Russia and U.S. Military Forces Are Now Battling ISIS in Raqqa, but Not As Allies

The Russia-backed Syrian military made a lightning advance Tuesday into the Islamic State militant group (ISIS) stronghold of Raqqa, opening a new front against the jihadis as they face a separate assault from local forces supported by the U.S.

The advancing Syrian army and its allies, which include Iran and various militias supportive of President Bashar al-Assad, met the defense lines of the Syrian Democratic Forces, a U.S.-backed, majority-Kurd coalition of Arabs and ethnic minorities. The two groups, both of which are heavily involved in the fight against ISIS, have clashed and allied at various time in the past. But current U.S. tensions with Assad allies Russia and Iran have raised concerns that a competition to overtake Raqqa could spark a new conflict between the oncoming forces.

Related: Russia warns U.S. against attacking Syrian army as allies beat ISIS at border

Local media shared footage of the Syrian army and allied forces as they pushed ISIS back from several villages in western Raqqa and the Resafa juncture, a strategic crossroads between the historic town of Resafa and the Syrian Democratic Forces-held Tabqa air base, pro-government outlet Al-Masdar reported.

Further gains, reportedly spearheaded by the Syrian army's elite Tiger Forces, included closing in Wednesday on large oil fields near Thawra and Sfayeh that helped fund ISIS's global militant network. The military has also severed the final ISIS support routes to Aleppo, which was retaken from insurgents late last year in what was widely considered to be a major turning point in the six-year-long war.

Meanwhile, the Syrian Democratic Forces pierced deeper Tuesday into the ISIS heartland of the Raqqa governorate on at least two fronts. The latest offensive is part of a massive campaign launched in November and intended to first isolate the ISIS-held city before ultimately dislodging the militants entirely. As shells rained down on ISIS positions, the Syrian Democratic Forces reportedly took several more neighborhoods on the city's east side. Artillery fire caused heavy ISIS casualties Monday as Syrian Democratic Forces took control of Raqqa University's science school.

"The building had been used by ISIS as a security center. The Syrian Democratic Forces soldiers were able to expel ISIS militants from the building and seized a large deal of ammunition there,” Syrian Democratic Forces officer Habun Osman told Syrian Kurdish news outlet ARA News Monday.

"The progress came after heavy clashes with ISIS terrorists,” he added, noting that dozens of ISIS militants had been killed in combat.

The U.S.-backed irregular forces have seen swift wins early on in the final phase of the battle to defeat ISIS in Raqqa, but the U.S. military has described the days ahead as "long and difficult," according to The Washington PostThe Syrian Democratic Forces have recently reached the eighth-century walls that fortify the Old City, and the forces anticipate fierce resistance as they move forward.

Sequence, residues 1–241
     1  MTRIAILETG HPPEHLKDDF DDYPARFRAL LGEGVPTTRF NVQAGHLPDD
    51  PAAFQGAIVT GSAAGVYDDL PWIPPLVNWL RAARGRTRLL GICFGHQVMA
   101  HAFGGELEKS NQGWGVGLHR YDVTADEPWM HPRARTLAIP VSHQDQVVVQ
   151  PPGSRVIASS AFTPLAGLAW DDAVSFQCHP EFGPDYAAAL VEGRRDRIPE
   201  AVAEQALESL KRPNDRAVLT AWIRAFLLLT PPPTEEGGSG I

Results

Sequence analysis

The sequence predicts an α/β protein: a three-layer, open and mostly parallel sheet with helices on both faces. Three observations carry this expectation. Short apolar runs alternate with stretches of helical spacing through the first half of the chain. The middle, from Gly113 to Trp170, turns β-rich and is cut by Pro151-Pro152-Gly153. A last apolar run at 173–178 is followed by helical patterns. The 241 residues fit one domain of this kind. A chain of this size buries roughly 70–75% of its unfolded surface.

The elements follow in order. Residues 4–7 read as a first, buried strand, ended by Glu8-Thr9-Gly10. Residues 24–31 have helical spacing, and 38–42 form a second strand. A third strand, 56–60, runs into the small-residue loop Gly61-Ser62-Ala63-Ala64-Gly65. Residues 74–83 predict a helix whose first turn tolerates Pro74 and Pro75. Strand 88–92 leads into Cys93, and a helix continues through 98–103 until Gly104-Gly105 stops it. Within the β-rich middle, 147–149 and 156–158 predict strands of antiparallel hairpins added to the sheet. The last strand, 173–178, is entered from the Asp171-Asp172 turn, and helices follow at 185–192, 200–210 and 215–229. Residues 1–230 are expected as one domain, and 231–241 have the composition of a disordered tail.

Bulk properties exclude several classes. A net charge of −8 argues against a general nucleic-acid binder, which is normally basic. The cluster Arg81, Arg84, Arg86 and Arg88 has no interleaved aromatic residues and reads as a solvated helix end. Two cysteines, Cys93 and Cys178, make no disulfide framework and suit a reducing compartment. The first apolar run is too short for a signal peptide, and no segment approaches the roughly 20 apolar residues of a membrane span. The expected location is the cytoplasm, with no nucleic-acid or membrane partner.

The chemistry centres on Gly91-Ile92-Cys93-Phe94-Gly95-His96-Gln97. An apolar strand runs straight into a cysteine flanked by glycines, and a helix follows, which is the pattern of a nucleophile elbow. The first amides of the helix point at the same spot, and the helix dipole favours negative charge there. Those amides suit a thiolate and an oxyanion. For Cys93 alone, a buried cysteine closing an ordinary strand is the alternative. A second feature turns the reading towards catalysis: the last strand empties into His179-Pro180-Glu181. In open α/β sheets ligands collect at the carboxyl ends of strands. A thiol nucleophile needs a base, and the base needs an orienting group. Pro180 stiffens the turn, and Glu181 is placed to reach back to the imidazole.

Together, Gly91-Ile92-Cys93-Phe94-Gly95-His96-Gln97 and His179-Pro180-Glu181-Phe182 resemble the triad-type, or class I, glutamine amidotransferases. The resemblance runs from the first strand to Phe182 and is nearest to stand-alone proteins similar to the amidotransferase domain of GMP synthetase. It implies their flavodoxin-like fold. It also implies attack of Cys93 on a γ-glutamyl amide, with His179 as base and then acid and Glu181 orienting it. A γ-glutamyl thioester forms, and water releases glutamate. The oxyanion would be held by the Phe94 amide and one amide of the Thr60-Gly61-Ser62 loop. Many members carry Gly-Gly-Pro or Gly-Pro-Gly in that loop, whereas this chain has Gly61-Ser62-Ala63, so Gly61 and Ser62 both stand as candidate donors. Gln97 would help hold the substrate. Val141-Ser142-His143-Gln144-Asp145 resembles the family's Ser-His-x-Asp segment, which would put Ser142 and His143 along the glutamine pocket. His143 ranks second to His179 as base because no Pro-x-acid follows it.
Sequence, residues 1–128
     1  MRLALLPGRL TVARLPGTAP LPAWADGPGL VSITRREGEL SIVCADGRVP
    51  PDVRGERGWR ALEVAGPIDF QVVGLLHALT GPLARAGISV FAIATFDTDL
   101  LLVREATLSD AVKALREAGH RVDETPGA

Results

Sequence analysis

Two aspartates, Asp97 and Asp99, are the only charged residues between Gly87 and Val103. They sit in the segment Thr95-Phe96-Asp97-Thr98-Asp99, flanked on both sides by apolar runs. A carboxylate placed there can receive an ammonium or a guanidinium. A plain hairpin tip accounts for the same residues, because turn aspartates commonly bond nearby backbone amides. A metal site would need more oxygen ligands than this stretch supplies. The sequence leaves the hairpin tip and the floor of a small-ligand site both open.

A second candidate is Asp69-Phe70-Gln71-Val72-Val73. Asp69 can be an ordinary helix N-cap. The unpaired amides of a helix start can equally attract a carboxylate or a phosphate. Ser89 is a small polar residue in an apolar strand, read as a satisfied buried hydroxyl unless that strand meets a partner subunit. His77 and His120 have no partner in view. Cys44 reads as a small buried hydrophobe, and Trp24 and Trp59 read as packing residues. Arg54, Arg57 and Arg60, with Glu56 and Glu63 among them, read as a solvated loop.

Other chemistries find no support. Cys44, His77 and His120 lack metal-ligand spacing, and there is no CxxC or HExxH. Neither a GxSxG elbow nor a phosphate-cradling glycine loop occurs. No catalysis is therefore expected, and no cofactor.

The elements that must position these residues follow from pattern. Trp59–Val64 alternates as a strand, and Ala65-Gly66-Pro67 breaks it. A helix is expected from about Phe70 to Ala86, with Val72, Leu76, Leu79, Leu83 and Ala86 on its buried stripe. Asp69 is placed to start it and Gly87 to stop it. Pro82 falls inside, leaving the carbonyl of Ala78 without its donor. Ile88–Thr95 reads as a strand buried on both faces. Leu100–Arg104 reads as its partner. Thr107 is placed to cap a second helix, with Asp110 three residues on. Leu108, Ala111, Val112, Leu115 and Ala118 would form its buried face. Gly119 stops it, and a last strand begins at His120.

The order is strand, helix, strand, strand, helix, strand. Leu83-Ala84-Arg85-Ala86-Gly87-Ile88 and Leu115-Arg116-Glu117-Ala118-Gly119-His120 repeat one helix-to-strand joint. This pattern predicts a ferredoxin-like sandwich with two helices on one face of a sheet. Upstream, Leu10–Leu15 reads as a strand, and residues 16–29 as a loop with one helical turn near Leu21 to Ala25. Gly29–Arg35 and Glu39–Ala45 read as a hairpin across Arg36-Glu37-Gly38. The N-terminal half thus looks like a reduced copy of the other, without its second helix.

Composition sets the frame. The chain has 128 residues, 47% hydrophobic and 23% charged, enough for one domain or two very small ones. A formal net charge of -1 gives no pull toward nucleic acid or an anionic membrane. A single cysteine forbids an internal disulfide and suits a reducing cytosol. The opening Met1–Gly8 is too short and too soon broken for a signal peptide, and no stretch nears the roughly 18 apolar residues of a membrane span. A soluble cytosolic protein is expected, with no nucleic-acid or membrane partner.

RTS16LXB U.S.-backed Syrian Democratic Forces fighters carry their weapons in Raqqa's western neighborhood of Jazra, Syria, on June 11. As the SDF battles ISIS for its de facto capital city, the Syrian army and allies have advanced with Russian and Iranian support against ISIS toward Raqqa's western countryside. Rodi Said/Reuters

The territorial gains mean pro-government forces and the Syrian Democratic Forces now share a line of defense across northern Syria that extends nearly 70 miles long from the region south of Manbij, where the two factions formed a tentative truce earlier this year in defense against Turkish-backed rebels, to territory newly won by the Syrian army south of Tabqa. While unverified reports of minor clashes between the Syrian army and the Syrian Democratic Forces have emerged from southern Tabqa, the two forces appear to be focusing their efforts against the mutual threat of ISIS. Both sides oppose the jihadis' ultraconservative brand of Sunni Islam but disagree over the level of autonomy Kurds should enjoy in northern Syria, where Kurdish nationalist factions of the Syrian Democratic Forces seek independence from the Syrian government.

The relationship between Russia and the U.S. has dramatically deteriorated in recent months. President Donald Trump, who once considered allying with Russia to battle ISIS in Syria, changed course after his administration was hit with a series of accusations concerning illegal, undisclosed collaboration with Moscow. In April, the U.S. accused Assad of conducting a chemical weapons attack on civilians in the northwestern governorate of Idlib, which is under rebel control. Although the Russian and Syrian governments challenged the veracity of these claims, Trump attacked the Syrian military for the first time days later, targeting an air base.

Since then, the U.S. has attacked pro-government forces three times, accusing them of breaching a "deconfliction zone" unilaterally declared by the U.S. in southern Syria. The U.S.'s "deconfliction zone," near the region of Al-Tanf and located by the Jordanian and Iraqi borders, has been viewed as illegitimate by Moscow and Damascus, in part because it was not included in a deal made last month by Russia, Iran and Turkey that created four "de-escalation zones" restricted from foreign military use elsewhere in Syria. 

A Syrian field commander called the U.S.'s self-proclaimed zone "ridiculous" on Tuesday, according to the state-run Syrian Arab News Agency. The Syrian government considers U.S. military presence in Syria illegal.

On Monday, Russian Foreign Minister Sergey Lavrov demanded in a phone call with Secretary of State Rex Tillerson that the U.S. cease attacks on the Syrian military and its allies. 

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